Zenith of Affirmative Action
“Bring Us Together” was Richard Nixon's campaign slogan, and after his inauguration in January 1969 most Americans desired just that: a time of national healing and unity.
But that was not to be. Urban riots, campus demonstrations, the Vietnam war, and what Time called the counterculture “youthquake” had ended political and social consensus and divided the nation. On one side was a vocal minority who opposed the president and the establishment, the sixties culture; on the other were those who supported it and who Nixon eventually labeled the “great silent majority.” By June 1970, a month after the Kent State tragedy, a government commission wrote that division in the nation was “as deep as any since the Civil War.”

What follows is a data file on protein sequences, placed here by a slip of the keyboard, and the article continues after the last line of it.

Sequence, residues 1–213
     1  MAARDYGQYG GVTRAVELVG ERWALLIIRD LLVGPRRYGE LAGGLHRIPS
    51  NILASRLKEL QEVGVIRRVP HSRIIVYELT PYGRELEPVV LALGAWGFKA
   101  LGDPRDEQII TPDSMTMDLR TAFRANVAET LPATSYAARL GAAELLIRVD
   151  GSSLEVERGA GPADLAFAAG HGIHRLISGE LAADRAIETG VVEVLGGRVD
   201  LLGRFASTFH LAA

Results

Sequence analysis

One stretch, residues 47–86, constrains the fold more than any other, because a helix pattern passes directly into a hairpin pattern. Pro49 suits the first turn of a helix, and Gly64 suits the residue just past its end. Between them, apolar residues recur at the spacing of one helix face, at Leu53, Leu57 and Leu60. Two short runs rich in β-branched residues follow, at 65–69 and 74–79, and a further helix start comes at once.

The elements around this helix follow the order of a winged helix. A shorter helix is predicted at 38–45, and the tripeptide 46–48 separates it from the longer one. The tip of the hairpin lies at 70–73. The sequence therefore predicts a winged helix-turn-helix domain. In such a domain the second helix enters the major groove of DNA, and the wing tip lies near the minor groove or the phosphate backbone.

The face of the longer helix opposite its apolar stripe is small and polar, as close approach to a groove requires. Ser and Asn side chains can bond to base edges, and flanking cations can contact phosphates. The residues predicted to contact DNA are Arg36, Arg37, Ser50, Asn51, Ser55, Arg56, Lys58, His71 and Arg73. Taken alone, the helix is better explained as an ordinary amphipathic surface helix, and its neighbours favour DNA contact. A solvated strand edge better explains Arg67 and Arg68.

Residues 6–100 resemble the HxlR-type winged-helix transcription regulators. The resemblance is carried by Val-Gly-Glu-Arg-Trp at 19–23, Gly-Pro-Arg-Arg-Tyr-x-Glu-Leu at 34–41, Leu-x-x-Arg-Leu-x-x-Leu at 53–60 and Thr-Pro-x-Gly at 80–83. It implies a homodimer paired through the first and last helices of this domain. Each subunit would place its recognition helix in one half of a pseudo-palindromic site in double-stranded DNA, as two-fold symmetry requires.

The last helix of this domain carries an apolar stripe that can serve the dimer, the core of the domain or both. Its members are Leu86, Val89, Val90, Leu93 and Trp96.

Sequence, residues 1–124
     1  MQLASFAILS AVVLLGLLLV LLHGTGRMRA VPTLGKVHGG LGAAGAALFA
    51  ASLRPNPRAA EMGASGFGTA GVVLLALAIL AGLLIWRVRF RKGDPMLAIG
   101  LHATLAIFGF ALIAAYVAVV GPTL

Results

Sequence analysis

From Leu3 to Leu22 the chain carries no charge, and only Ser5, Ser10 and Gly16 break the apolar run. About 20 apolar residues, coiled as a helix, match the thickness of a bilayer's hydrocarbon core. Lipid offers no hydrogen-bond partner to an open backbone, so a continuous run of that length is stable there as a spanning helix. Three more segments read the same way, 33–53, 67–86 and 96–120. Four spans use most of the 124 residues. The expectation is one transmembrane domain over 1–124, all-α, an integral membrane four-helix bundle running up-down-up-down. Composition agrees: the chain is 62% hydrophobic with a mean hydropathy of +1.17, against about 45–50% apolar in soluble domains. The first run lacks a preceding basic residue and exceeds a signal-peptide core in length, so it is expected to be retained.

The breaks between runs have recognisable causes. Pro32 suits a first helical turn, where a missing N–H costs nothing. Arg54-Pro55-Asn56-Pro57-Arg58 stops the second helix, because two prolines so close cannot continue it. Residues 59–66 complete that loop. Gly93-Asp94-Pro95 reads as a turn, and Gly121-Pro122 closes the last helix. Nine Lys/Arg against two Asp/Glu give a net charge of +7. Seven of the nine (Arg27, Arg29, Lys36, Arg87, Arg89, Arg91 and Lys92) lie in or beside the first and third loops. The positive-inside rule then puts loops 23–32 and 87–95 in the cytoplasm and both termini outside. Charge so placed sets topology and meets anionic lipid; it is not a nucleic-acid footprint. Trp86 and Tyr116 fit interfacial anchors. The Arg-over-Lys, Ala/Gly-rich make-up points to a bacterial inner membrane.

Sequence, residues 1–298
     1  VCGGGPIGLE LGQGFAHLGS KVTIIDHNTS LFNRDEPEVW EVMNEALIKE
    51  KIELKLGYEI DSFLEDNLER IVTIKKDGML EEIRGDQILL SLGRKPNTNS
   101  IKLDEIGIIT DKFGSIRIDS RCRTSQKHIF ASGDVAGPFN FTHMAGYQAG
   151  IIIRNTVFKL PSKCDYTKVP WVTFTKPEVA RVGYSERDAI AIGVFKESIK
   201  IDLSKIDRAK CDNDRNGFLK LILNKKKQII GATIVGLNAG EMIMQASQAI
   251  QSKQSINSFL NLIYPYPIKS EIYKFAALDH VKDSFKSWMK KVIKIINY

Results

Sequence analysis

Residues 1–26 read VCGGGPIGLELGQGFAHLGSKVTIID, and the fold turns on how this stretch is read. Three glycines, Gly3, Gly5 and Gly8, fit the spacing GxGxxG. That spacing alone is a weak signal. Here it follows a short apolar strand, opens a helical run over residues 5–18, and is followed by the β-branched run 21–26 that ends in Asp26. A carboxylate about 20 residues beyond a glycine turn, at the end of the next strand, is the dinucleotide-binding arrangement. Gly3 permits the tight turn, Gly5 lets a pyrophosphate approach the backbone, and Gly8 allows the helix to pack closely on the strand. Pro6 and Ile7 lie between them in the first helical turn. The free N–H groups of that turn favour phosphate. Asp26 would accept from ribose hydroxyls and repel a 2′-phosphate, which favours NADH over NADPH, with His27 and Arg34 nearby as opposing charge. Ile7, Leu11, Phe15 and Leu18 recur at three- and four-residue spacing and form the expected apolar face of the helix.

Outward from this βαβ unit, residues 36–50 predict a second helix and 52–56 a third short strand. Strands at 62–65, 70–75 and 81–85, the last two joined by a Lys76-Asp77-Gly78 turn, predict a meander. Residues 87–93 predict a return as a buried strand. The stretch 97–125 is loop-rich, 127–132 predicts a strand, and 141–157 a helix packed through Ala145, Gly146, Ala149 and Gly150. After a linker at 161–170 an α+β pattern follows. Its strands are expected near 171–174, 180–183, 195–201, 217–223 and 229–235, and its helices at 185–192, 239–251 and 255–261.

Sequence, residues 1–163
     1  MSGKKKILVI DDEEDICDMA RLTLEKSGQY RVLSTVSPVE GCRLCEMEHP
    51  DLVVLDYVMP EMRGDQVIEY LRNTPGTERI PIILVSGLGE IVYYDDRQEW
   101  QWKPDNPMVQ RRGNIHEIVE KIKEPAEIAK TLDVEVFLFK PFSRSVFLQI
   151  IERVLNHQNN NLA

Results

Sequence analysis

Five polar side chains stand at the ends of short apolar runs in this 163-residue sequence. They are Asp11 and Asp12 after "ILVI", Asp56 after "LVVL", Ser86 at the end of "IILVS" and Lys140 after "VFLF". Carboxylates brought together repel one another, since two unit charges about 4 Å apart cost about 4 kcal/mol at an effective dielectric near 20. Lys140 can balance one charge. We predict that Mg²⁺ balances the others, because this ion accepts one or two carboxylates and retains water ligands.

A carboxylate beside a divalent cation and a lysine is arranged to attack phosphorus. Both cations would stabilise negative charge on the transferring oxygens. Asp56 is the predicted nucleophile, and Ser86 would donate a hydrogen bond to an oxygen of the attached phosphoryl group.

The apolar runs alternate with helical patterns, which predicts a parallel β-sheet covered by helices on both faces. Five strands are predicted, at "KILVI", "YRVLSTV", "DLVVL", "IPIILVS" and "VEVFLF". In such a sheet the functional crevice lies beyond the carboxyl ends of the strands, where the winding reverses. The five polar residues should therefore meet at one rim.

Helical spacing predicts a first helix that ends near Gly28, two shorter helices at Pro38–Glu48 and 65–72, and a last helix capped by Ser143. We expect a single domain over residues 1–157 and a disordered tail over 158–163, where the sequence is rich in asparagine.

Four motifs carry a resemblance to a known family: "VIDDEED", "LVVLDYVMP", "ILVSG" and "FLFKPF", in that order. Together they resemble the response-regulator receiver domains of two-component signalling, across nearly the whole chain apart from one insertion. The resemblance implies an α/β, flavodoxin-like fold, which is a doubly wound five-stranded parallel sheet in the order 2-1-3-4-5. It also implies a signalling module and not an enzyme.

The division was exemplified in two powerful social currents during the late 1960s and throughout the 1970s—empowerment and liberation. Since the mid-1960s many young blacks had become tired of asking whites for their rights, listening to liberals talk about gradual change, and they became more militant, shouting for “Black Power.” The war was another factor, for many young black men could not understand why they were drafted to fight 12,000 miles away in Vietnam when they were beaten by white cops in the South. Activist Stokely Carmichael blasted selective service as nothing more than “white people sending black people to make war on yellow people to defend the land they stole from red people.” Such ideas were gaining currency within the black community as Nixon took office in 1969. On the assembly line, African Americans formed organizations such as DRUM, Dodge Revolutionary Union Movement, and shut down a Chrysler plant. On campuses that year, younger brothers and sisters began making demands for black